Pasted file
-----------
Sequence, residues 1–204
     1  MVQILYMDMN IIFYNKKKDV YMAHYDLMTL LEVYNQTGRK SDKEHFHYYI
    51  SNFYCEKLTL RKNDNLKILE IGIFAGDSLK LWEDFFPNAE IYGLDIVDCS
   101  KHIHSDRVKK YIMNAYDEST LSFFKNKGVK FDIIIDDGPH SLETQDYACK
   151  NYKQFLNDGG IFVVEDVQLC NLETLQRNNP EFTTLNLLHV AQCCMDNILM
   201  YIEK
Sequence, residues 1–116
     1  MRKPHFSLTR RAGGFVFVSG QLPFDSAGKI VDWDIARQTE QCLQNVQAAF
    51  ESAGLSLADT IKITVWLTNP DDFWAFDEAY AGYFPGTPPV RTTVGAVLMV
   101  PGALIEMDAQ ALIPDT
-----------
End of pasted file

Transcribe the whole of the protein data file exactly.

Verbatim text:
Sequence, residues 1–204
     1  MVQILYMDMN IIFYNKKKDV YMAHYDLMTL LEVYNQTGRK SDKEHFHYYI
    51  SNFYCEKLTL RKNDNLKILE IGIFAGDSLK LWEDFFPNAE IYGLDIVDCS
   101  KHIHSDRVKK YIMNAYDEST LSFFKNKGVK FDIIIDDGPH SLETQDYACK
   151  NYKQFLNDGG IFVVEDVQLC NLETLQRNNP EFTTLNLLHV AQCCMDNILM
   201  YIEK
Sequence, residues 1–116
     1  MRKPHFSLTR RAGGFVFVSG QLPFDSAGKI VDWDIARQTE QCLQNVQAAF
    51  ESAGLSLADT IKITVWLTNP DDFWAFDEAY AGYFPGTPPV RTTVGAVLMV
   101  PGALIEMDAQ ALIPDT